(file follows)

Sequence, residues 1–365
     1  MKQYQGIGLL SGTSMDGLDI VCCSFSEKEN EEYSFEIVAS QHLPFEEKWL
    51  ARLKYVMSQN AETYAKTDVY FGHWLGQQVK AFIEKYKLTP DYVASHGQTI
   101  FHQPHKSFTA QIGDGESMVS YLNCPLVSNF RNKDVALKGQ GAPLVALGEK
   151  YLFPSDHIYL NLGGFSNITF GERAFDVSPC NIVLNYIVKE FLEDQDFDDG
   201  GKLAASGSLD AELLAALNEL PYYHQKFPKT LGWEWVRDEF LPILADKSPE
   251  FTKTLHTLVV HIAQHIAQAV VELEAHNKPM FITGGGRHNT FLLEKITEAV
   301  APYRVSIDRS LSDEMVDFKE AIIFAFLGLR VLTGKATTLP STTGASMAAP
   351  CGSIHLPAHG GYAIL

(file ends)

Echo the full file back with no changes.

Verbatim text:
Sequence, residues 1–365
     1  MKQYQGIGLL SGTSMDGLDI VCCSFSEKEN EEYSFEIVAS QHLPFEEKWL
    51  ARLKYVMSQN AETYAKTDVY FGHWLGQQVK AFIEKYKLTP DYVASHGQTI
   101  FHQPHKSFTA QIGDGESMVS YLNCPLVSNF RNKDVALKGQ GAPLVALGEK
   151  YLFPSDHIYL NLGGFSNITF GERAFDVSPC NIVLNYIVKE FLEDQDFDDG
   201  GKLAASGSLD AELLAALNEL PYYHQKFPKT LGWEWVRDEF LPILADKSPE
   251  FTKTLHTLVV HIAQHIAQAV VELEAHNKPM FITGGGRHNT FLLEKITEAV
   301  APYRVSIDRS LSDEMVDFKE AIIFAFLGLR VLTGKATTLP STTGASMAAP
   351  CGSIHLPAHG GYAIL